Insects and other foods the trout may be eating:
1. Blue-winged Olives
2 . Sculpin, baitfish and small crayfish (Imitate with streamers)
3. Little Brown Stoneflies
4. Quill Gordons
5. Blue Quills
6. Little Black Caddis
The Basics of Fly Fishing Series - Types of Trout Streams
Before I get started, please be advised that although there will be a lot of general
information that pertains to fly fishing all types of water and for different species of
fish, this series is intended specifically for fly fishing the streams of Great
Smoky Mountains National Park for trout. There are many other streams that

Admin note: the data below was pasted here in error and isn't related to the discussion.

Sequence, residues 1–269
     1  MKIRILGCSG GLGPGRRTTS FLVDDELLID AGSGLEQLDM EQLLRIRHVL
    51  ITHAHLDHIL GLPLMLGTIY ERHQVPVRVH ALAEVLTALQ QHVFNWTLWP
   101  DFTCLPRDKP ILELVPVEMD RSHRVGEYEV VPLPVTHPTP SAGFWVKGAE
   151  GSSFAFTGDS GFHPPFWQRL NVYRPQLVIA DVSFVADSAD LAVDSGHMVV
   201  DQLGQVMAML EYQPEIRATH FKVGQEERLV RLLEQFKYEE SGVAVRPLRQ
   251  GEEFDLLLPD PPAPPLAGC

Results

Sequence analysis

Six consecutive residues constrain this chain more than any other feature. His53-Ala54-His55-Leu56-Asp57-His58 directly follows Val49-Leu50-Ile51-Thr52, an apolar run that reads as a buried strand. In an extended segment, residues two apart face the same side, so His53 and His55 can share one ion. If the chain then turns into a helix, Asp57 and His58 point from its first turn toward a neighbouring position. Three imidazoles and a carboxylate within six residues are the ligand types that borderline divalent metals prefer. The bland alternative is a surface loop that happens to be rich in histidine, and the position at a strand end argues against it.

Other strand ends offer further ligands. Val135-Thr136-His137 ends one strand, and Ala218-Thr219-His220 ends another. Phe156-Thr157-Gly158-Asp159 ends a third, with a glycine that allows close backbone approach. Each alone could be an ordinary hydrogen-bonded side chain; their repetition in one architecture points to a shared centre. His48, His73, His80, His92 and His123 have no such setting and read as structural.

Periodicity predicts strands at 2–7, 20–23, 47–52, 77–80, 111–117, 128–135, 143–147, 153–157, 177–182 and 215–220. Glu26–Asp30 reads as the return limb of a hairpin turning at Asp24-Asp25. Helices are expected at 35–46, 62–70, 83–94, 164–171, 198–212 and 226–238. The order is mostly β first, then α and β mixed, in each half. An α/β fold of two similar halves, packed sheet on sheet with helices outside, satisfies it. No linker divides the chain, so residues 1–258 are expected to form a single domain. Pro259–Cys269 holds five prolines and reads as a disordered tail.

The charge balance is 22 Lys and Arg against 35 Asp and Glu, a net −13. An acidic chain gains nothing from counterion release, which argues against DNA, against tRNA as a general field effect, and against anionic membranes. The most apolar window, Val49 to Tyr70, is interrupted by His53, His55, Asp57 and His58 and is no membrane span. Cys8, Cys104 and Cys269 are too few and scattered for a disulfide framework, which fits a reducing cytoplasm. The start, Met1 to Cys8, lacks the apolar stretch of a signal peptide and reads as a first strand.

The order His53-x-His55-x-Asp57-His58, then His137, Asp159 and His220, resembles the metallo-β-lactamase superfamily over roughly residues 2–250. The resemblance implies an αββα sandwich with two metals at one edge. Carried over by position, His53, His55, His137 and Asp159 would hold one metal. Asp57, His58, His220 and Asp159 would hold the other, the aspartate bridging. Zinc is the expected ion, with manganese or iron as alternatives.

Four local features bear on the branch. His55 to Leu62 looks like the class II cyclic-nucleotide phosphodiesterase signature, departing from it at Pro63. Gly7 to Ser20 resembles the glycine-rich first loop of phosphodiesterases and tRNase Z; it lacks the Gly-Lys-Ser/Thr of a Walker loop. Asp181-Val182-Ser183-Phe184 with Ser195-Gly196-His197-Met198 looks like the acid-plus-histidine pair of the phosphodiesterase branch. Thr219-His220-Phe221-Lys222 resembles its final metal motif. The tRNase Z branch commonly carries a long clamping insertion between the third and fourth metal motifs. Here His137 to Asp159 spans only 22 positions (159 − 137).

are located in the same general area of the Appalachian Mountains that will fit some
of the information provided very well. There are many other streams located in other
parts of the country that will fit some of the information provided very well. However,
for you to understand what it fits and doesn't fit, requires that you know a little about
the different types of water that trout exist in.
You can begin by distinguishing the different types of water that trout exist in by
putting it in one of two categories - still water or streams. When trout anglers refer
to still water they are referring to water in lakes and ponds as opposed to water in
creeks and rivers.
A trout streams can consist of three different basic types of water - freestone
streams, spring creeks and tailwaters.
A freestone stream gets its water from rain or melting snow. As gravity forces the
droplets of water from rain or melting snow to seep through the crevices of rocks,